The Senate's most senior lawmaker said Tuesday he will skip the Israeli prime minister's speech to Congress next month on Iran, calling the invitation by Republicans without White House consultation a "tawdry and high-handed stunt."

Seven-term Sen. Patrick Leahy of Vermont joined a half dozen Democrats who have decided to boycott Benjamin Netanyahu's speech, which comes in middle of delicate negotiations involving the United States, Western powers and Iran over its nuclear program. House Speaker John Boehner, R-Ohio, invited Netanyahu to address a joint meeting of Congress on March 3.

"The unfortunate way that House leaders have unilaterally arranged this, and then heavily politicized it, has demolished the potential constructive value of this joint meeting," Leahy said in a statement. "They have orchestrated a tawdry and high-handed stunt that has embarrassed not only Israel but the Congress itself."

Democrats have complained that the speech is an affront to President Obama, who has said he will not meet with Netanyahu when he visits the United States and who said Monday that he has "very real differences" with the Israeli leader over Iran and sanctions.

Vice President Joe Biden also will miss the speech, citing unspecified travel plans.

Boehner has defended the invitation.

Netanyahu is a sharp critic of administration negotiations with Iran over its nuclear program, and Democrats fear he'll use the opportunity to embarrass Obama and further his own re-election prospects. The speech comes two weeks before elections in Israel.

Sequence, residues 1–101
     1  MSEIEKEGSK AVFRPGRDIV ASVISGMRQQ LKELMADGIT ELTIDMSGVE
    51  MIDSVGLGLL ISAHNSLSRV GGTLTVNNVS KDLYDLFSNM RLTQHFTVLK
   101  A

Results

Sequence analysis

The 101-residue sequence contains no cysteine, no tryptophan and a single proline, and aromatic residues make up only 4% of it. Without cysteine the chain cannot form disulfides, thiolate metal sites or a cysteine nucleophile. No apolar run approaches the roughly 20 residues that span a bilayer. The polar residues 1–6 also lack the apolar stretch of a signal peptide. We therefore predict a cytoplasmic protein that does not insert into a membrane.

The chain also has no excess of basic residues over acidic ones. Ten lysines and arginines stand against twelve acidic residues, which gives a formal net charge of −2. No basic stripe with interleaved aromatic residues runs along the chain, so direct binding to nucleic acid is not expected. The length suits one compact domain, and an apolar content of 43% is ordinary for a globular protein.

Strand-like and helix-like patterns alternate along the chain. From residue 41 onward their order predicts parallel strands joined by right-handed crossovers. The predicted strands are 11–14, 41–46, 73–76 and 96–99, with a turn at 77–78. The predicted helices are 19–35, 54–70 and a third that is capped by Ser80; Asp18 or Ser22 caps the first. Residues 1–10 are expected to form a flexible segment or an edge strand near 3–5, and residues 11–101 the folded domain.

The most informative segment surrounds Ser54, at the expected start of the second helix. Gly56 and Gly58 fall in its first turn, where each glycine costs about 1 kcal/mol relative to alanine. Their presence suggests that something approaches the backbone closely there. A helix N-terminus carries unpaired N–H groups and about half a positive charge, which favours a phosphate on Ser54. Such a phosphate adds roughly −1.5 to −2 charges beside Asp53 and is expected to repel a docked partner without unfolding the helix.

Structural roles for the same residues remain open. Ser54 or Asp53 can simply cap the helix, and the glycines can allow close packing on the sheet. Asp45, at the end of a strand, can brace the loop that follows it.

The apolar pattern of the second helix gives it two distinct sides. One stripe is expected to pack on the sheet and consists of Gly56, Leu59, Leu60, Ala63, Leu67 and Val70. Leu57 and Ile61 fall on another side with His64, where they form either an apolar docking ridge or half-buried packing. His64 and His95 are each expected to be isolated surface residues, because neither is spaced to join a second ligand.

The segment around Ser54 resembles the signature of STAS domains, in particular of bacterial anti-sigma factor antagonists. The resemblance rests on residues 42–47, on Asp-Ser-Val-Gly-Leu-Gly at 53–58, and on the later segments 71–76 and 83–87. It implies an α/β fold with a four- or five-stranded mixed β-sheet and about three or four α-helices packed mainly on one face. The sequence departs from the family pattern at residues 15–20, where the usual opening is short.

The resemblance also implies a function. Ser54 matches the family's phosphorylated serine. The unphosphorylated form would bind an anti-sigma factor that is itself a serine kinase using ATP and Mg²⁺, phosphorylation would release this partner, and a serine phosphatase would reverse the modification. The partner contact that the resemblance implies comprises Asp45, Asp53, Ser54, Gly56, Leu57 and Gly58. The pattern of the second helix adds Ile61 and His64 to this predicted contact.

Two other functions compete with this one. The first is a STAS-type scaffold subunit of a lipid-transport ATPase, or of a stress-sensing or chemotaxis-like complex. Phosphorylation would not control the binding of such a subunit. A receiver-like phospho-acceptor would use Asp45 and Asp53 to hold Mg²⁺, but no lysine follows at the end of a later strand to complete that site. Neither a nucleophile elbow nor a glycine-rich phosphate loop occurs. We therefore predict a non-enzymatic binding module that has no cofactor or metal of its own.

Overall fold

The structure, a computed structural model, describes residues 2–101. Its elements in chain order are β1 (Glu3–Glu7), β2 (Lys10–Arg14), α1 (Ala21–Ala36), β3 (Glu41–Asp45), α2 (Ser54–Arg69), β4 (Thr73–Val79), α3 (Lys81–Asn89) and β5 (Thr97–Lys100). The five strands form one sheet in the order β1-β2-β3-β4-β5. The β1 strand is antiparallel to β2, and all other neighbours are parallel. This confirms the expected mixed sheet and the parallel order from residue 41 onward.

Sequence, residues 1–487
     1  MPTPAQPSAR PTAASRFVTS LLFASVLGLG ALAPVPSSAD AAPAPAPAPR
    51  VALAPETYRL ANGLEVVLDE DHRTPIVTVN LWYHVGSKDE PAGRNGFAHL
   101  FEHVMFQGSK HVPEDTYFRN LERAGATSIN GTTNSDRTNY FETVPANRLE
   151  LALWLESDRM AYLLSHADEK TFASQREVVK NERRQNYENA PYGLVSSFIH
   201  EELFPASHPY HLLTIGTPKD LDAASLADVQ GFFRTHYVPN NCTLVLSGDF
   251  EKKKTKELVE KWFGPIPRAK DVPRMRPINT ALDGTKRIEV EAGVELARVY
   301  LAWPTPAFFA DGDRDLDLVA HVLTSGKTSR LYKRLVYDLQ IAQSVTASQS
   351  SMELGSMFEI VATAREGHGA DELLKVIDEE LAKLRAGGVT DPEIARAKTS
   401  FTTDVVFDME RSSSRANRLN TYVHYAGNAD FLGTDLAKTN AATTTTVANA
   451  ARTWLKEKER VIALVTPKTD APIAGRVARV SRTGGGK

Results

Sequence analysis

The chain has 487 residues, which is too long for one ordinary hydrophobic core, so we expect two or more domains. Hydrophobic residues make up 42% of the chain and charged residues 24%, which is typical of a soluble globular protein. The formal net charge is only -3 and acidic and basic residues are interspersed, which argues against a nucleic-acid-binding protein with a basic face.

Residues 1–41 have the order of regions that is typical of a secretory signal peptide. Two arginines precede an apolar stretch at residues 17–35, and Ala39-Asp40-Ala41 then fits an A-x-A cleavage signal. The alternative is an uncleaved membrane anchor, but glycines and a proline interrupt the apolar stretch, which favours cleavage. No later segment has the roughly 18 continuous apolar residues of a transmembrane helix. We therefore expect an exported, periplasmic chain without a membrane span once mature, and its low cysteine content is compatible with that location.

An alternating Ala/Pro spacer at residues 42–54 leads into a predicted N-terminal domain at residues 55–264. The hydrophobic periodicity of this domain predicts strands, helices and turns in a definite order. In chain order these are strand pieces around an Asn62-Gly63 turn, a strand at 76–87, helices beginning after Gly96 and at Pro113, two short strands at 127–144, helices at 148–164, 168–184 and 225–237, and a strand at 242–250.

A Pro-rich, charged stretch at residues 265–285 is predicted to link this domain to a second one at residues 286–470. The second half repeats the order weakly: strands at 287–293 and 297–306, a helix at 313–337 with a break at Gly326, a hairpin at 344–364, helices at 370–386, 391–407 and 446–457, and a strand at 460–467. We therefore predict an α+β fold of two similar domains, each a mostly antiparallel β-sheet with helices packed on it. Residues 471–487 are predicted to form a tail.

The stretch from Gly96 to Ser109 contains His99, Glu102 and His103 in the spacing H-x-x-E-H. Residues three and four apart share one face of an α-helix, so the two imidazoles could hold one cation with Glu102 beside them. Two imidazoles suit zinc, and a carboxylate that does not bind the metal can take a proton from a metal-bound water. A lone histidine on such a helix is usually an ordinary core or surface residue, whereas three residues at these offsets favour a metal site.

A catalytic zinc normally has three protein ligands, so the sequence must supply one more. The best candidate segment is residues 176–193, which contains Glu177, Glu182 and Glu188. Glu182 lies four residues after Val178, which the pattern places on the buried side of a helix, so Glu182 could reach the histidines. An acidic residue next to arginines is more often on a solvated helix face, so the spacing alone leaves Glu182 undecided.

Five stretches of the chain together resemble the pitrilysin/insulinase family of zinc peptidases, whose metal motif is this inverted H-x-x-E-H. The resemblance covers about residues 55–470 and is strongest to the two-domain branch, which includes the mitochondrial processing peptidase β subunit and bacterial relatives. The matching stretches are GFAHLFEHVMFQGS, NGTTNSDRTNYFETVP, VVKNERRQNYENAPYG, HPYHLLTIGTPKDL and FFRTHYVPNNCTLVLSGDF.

In Israel, Netanyahu has insisted he will address Congress despite calls in the United State and in Israel for him to cancel the speech.

A half dozen Jewish House Democrats, angered by the developments, met privately last week with Israeli Ambassador Ron Dermer and pressed for Netanyahu to find an alternative format for speaking to lawmakers other than a speech to a joint meeting in the House chamber.

Leahy joins Vermont's other senator, Independent Bernie Sanders, who said on Monday he would skip the speech.

"It has long been an unwritten rule and practice through the decades that when it comes to American foreign policy, we speak and act thoughtfully, with one voice when we can, with the national interests of the United States as our uppermost consideration, and with caution about the unintended consequences of unilateral actions like this," Leahy said in his statement. "They have diminished that valuable precedent."